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Overcoming fear – Part 4: Close friendships influence responses to fear

Overcoming fear - Part 4: Close friendships influence responses to fear

Fear is a normal sensation experienced by people of all ages, including children; in fact, it has a lot of beneficial effects that safeguards a person in the long run. It has been observed that children from different age groups display a different interpretation of fear, and the nature of fear and anxiety is known to change as they grow and mature.  Besides fear inflicted by certain situations and things, some of the fears stem from anxieties pertaining to separation from closed ones.

Highly prevalent among kids in the age group of 10 to 18 months, such a type of fear commonly known as separation anxiety is caused due to a deep sense of attachment with parents. Likewise, children between ages four and six years have unfounded fears of ghosts and monsters, and those between ages seven and 12 years usually have fears pertaining to real circumstances, such as natural disasters and bodily injuries.

The above fear can influence children to behave in ways that would be considered safer for them. For instance, the fear of fire could dissuade them from playing with gas stoves and matchsticks, or coming close to hot objects. Unfortunately, being in a state of alertness over a long span of time could lead to the development of phobias. Since most of the phobias rise during childhood, one has to ensure adequate measures during this critical phase of growing. One can comprehend the long-term implication of phobia by the fact that some phobias continue even after a child has entered into his or her adulthood. The current article talks about the way friendship among children can mold their outlooks toward fear.

Close friendships shape interpretation of fear among school children

A study published in the journal Behaviour Research and Therapy revealed that children who share strong ties with one another also share similar patterns of fear-related thoughts and have been observed to mold each other’s outlook on fears, such as beliefs and potential dangers, by talking about such issues.

Led by the lead author, Dr. Jinnie Ooi, it was found that like parents even close friends play a pivotal role in the transmission of fears and awareness about ways to behave in fearful situations. Through direct learning and sharing of information, children influence each other’s interpretation of fears, a finding speculated to bring much relief to parents if they consider group therapy for their child’s anxiety symptoms.

The participants of the study entailed 242 schoolchildren (106 boys and 136 girls), in the age group of seven to 10 years, whose anxiety and fear beliefs were determined and taken into account. The participants were then introduced to pictures of the Australian marsupials Cuscus and Quoll.

The next step included reading two different pieces of information about these marsupials. While one piece described the marsupials as dangerous, another piece was ambiguous in nature. After reading both the versions to the participants, their fear responses toward these marsupials were assessed. After the participants were divided into pairs of close friends to enable them to discuss about their feelings about the marsupials, their fear responses were reassessed. They were divided into the following groups:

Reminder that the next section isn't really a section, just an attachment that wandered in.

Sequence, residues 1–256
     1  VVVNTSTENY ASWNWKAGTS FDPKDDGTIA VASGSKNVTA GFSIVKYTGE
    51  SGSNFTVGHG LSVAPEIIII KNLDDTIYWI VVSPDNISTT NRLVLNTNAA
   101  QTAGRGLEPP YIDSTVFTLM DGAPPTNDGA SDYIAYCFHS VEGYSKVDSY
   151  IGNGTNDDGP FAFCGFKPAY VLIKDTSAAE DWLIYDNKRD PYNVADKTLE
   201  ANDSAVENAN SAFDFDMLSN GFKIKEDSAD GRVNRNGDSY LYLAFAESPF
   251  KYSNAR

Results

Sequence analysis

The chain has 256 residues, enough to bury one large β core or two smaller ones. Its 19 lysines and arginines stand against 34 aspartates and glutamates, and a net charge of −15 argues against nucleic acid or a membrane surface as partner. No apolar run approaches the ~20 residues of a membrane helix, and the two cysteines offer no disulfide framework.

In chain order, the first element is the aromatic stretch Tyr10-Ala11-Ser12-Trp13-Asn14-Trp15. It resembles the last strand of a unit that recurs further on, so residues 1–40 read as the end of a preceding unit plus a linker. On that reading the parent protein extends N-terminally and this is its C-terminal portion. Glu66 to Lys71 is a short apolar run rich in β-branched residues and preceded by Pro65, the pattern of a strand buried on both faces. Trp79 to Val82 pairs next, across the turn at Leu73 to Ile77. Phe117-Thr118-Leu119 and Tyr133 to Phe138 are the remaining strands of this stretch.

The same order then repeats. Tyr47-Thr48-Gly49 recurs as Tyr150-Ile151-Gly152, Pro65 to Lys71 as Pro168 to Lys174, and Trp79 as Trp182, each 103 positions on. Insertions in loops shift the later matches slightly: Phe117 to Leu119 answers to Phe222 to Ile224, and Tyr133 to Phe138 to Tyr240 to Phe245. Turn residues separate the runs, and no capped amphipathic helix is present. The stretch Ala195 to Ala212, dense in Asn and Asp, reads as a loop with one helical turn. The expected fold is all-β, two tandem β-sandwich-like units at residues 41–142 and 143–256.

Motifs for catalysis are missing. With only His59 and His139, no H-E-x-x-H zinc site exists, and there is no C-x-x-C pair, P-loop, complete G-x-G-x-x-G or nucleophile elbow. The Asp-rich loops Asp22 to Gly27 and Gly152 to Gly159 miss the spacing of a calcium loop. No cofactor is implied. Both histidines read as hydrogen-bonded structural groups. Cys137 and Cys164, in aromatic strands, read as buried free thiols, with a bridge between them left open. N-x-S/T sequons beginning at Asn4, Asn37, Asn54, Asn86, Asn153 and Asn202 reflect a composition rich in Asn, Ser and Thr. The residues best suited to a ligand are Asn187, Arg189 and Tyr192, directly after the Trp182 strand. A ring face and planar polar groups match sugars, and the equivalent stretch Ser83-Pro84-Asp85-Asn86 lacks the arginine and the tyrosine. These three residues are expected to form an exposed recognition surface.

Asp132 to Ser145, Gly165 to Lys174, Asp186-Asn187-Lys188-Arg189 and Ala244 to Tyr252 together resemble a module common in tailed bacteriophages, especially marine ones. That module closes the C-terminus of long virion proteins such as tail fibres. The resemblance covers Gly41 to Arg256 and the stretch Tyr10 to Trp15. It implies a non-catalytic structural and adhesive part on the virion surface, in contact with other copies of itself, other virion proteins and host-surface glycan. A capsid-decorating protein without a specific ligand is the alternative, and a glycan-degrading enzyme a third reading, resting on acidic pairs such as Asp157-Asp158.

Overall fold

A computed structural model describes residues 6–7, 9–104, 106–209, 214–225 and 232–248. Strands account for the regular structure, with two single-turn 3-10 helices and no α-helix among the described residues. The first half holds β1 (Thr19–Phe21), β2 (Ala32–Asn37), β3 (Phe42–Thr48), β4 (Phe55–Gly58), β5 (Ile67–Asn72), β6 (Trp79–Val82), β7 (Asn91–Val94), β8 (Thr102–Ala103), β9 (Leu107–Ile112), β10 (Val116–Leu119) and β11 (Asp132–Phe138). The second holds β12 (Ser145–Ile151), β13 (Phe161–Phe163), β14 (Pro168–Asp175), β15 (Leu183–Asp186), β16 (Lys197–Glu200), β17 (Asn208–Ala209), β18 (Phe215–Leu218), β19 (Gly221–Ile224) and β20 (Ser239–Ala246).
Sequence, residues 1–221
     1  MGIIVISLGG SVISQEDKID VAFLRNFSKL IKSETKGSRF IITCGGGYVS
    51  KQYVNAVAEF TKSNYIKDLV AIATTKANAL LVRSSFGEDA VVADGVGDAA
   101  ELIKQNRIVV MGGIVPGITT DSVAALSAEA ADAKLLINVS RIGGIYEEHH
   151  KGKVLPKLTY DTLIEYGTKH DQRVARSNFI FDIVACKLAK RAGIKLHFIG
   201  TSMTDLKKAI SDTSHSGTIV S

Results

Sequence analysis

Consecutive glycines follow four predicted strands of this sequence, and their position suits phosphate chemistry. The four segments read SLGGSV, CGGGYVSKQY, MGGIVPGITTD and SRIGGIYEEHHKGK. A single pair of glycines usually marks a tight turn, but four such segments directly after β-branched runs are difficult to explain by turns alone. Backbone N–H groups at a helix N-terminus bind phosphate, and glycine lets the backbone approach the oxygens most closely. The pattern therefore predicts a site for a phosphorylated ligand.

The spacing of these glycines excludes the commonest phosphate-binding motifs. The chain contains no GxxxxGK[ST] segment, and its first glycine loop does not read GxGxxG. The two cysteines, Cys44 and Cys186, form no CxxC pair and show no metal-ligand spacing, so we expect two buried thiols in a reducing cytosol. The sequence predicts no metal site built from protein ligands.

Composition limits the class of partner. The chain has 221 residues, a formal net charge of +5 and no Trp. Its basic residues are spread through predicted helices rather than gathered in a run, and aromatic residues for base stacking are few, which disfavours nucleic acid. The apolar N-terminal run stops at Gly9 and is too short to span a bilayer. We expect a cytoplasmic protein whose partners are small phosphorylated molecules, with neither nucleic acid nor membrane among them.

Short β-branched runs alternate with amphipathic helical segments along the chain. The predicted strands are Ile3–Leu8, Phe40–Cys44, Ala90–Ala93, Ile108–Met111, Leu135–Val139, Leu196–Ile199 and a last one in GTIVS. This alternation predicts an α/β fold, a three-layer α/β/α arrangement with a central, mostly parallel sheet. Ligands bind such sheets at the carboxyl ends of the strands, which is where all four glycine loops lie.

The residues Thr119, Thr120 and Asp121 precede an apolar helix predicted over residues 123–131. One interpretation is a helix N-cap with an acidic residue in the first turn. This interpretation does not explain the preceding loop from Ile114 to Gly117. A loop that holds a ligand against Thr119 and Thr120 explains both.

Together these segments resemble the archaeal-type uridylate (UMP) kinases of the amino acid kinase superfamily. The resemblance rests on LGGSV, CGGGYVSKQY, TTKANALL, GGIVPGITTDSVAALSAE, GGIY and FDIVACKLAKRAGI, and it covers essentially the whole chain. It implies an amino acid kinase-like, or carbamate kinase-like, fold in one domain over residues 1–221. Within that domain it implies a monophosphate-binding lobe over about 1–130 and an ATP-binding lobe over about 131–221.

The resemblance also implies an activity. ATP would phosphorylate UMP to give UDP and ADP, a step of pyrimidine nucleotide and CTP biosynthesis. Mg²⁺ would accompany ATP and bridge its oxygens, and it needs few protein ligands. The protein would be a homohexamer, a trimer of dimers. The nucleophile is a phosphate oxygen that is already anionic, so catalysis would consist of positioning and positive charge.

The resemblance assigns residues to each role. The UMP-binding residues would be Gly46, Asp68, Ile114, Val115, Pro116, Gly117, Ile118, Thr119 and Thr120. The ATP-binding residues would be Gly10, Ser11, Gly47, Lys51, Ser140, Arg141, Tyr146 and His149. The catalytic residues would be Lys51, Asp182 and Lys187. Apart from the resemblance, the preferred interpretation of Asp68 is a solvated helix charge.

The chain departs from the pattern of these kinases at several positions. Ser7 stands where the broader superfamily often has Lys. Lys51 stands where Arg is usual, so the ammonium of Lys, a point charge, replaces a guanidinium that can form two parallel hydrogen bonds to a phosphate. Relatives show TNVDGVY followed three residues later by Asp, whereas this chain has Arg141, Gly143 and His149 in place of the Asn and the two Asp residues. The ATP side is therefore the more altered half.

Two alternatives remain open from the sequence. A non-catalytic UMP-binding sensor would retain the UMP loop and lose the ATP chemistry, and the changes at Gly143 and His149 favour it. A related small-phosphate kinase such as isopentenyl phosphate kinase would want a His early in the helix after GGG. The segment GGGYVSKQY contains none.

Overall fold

• 40 pairs of boys
  • 55 pairs of girls
  • 26 boy-girl pairs

Another part of the study measured children’s avoidance behaviors by providing them with a map of an enclosure with the positions of the marsupials marked on the opposite ends. The participants were then asked to mark the map where they’d like to position themselves within the enclosure. Finally, the participants were provided with the correct information about the marsupials along with a video description and a discussion on the two marsupials, thereby changing their fear responses one last time.

It was found that the participants influenced each other’s thoughts and the fear responses of a participant were indicative of his or her pair’s fear response. The results suggested:

  • Gender pair groups predicted children’s fear response over time.
  • Boy-boy pairs displayed a significant increase in fear responses after the discussion.
  • Girl-girl pairs displayed a significant decrease in their fear responses, which was at least consistent till the point where the threatening information was divulged.
  • Contrast in anxiety levels among close friends did not change their fear responses over time.

Learn ways to fight fears

Mental health service providers should also consider if children’s negative thoughts and fears are impacted by their peers’ beliefs and the possibility of discussing thoughts in an adaptive way. The findings of the aforementioned study may also assist in the development of school-based interventions that can assist school children to address their dreads and anxieties in a constructive way.

If you or your loved one is experiencing the symptoms of an anxiety disorder, it is imperative to seek professional help. The Anxiety Disorder Helpline assists in offering the best anxiety disorder treatment centers that specialize in delivering evidence-based intervention plans. Call us at our 24/7 helpline number 866-971-7951 or chat online with our medical advisers to know more about the anxiety disorder treatment clinics in the U.S.

Read the other articles of the series “Overcoming fear:”

Part 1: Exposure to fear unconsciously may help in beating phobia

Part 2: Psychotherapy proves to be an effective tool against social phobia

Part 3: Reduce fear by bypassing conscious exposure to fear